Third: Surprise! The Tenth Circuit just held that the SEC's ALJ's are "inferior officers" and therefore their current method of appointment is unconstitutional. The decision creates a circuit split with the DC Circuit in Raymond J. Lucia Companies v. SEC, 832 F.3d 277 (D.C. Cir. 2016), and pretty much assures Supreme Court review - possibly with a newly-appointed justice of Trump's choosing. And that makes me wonder whether we're about to witness some radical changes to the structure of the administrative state.
Here's to 2017 - there will be no shortage of change to keep us busy!
Friday, December 30, 2016
As avid readers of this blog already know, I am a fan of New Year's Resolutions. I usually set over twenty goals for each year, and they prove helpful in directing effort during the year.
Over the past few years, my employer (Belmont University) has been engaged in Vision 2020, which should amount to something like New Year's Resolutions for the University (to be accomplished by 2020). I recently served on the committee for the Athletics Department's contribution to Vision 2020, which was an enjoyable and interesting experience.
My time on the Vision 2020 committee and my years of doing my own resolutions have taught me a few things. Most importantly, I have learned that SMART goals tend to be the most useful and effective. (For those who don't know, SMART usually stands for Specific, Measurable, Attainable, Relevant, Time-Based, though there are variations).
The most difficult part, in my view, is finding appropriate measurements. Some items are easy to measure - movements in endowment, enrollment, incoming student GPA and standardize test scores, rankings, etc. There are plenty of items that are important, but much more difficult to measure. And measurements can be overdone, especially if the focus on the measurement overshadows the ultimate goal.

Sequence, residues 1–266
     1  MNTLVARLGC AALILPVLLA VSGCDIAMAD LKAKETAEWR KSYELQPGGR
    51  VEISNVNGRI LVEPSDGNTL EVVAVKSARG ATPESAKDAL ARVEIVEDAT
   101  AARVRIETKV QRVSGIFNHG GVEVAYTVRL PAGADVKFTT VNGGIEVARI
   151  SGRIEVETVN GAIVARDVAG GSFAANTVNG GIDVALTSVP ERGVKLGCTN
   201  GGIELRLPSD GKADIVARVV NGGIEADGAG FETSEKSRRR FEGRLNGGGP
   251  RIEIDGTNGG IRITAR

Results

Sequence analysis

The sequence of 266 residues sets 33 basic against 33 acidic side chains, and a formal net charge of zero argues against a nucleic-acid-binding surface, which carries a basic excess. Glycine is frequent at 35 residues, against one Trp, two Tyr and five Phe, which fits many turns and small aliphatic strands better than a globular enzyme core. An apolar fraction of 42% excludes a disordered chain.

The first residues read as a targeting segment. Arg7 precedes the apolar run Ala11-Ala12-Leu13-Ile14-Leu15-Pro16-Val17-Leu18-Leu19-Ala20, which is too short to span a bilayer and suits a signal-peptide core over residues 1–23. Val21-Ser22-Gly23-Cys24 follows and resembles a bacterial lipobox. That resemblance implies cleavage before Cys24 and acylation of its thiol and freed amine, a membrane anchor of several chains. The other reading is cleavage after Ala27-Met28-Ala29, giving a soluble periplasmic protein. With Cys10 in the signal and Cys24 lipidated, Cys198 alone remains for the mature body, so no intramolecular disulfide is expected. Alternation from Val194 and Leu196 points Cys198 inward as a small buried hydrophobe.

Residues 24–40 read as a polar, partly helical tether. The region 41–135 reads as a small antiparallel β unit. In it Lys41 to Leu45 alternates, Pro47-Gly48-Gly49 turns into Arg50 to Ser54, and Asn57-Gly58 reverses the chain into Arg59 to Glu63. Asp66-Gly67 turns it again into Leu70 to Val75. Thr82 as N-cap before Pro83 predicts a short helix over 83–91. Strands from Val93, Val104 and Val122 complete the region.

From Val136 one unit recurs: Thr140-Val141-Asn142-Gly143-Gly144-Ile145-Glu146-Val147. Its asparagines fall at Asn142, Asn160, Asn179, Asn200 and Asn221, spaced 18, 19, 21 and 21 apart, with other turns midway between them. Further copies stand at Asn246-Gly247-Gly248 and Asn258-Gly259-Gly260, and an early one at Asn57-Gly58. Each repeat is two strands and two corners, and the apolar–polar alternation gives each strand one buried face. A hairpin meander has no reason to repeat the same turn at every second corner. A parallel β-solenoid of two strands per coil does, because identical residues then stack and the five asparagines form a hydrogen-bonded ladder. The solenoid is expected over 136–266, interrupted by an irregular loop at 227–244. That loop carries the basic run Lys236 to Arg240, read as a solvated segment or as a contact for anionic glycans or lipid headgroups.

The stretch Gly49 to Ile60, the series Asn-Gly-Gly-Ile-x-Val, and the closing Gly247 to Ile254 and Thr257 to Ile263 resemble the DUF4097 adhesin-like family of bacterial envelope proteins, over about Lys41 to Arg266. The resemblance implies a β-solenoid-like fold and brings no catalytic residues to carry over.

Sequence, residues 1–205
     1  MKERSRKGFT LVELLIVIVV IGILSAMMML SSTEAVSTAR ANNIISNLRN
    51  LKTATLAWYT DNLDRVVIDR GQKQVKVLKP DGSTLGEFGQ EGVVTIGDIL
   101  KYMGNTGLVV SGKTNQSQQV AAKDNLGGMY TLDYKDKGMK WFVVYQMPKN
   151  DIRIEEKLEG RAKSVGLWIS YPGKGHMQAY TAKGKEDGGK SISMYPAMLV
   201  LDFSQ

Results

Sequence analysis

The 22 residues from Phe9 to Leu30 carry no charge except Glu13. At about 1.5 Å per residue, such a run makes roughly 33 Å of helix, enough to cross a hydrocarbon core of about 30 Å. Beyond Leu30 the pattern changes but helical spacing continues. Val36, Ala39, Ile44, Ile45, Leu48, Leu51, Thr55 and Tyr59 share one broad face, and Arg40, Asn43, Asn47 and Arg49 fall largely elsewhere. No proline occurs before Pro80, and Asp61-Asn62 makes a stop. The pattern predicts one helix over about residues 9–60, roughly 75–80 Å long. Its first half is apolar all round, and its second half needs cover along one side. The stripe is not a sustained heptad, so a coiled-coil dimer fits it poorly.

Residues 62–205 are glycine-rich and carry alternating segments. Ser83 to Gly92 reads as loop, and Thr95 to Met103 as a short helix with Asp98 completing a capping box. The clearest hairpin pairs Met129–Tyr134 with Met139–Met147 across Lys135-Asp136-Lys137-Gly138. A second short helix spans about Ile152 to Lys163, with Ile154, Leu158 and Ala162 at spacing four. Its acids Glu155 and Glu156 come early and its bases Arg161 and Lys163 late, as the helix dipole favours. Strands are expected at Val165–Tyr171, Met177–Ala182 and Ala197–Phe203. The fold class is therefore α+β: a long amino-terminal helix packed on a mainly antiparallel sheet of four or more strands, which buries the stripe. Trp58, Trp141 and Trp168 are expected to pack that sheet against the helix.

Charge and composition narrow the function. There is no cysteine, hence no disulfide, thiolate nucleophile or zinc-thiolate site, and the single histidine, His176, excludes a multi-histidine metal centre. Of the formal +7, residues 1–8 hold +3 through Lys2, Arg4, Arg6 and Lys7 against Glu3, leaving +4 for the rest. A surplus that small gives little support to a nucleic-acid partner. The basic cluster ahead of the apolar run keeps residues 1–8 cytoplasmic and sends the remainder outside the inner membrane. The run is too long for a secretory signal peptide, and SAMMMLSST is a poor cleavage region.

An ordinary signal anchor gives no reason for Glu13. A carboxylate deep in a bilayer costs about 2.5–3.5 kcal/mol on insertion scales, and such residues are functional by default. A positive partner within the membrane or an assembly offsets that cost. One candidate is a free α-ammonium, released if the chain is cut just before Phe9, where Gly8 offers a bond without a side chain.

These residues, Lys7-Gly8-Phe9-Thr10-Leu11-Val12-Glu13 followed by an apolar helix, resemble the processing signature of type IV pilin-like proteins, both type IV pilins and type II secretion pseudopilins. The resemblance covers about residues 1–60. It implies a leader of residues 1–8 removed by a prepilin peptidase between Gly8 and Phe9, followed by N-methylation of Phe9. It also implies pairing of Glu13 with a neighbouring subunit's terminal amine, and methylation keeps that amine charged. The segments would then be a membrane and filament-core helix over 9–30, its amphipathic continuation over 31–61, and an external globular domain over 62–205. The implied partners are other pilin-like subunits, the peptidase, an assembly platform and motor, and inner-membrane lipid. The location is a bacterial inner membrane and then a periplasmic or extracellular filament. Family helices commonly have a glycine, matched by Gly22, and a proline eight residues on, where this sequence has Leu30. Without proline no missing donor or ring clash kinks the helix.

At the end of every semester I resolve to give less work to my students so that I don't have so much to grade. This upcoming semester I may actually keep that resolution, but I do plan to keep my blogging assignment. In each class, I provide an extra credit or required post or series of posts of between 200-500 words so that students can learn a fundamental legal skill—communicating clearly, correctly, and concisely.
If you are reading this post, then you are already a fan of legal blogs. Academics blog to get their ideas out quickly rather than waiting for the lengthy law review cycle to publicize their thoughts. Academics can also refine ideas they are incubating by blogging and receiving real time feedback from readers. Practicing lawyers blog (or should) for a slightly different reason. Blogging can enhance a lawyer’s reputation and visibility and ultimately lead to more business.
Yesterday, I met with an attorney who will speak to the students in my new course on Legal Issues for Startups, Entrepreneurs, and Small Businesses. I mentioned to him that I found his blog posts enlightening and that they filled a gap in my knowledge base. Although I practiced for almost twenty years before entering academia and had a wide range of responsibility as a deputy general counsel, I delegated a number of areas to my colleagues or outside counsel. That attorney is now part of a growing trend. In 2011, when I left practice, lawyers rarely blogged and few utilized social media. Now, many recognize that lawyers must read legal blogs to keep up on breaking developments relevant to their practice. However, most lawyers understandably complain that they do not have the time to get new clients, retain their existing clients, do the actual legal work, and also blog.
Leaving blogging to the wayside is a mistake, particularly for small or newer firms. A 2016 Pew Research Center Study revealed that only 20% of people get their news from newspapers yet almost 40% rely on social media, which often provides summaries of the news curated to the consumer’s interests. The potential client base’s changing appetite for instant information in a shorter format makes blogging almost a necessity for some lawyers. Indeed, consumers believe that hiring a new lawyer is so overwhelming that some clients are now crowdsourcing. But when they receive multiple “offers” to represent them, how do/should consumers choose? Perhaps they will pick the firm with a social media presence, including a blog that highlights the firm’s expertise.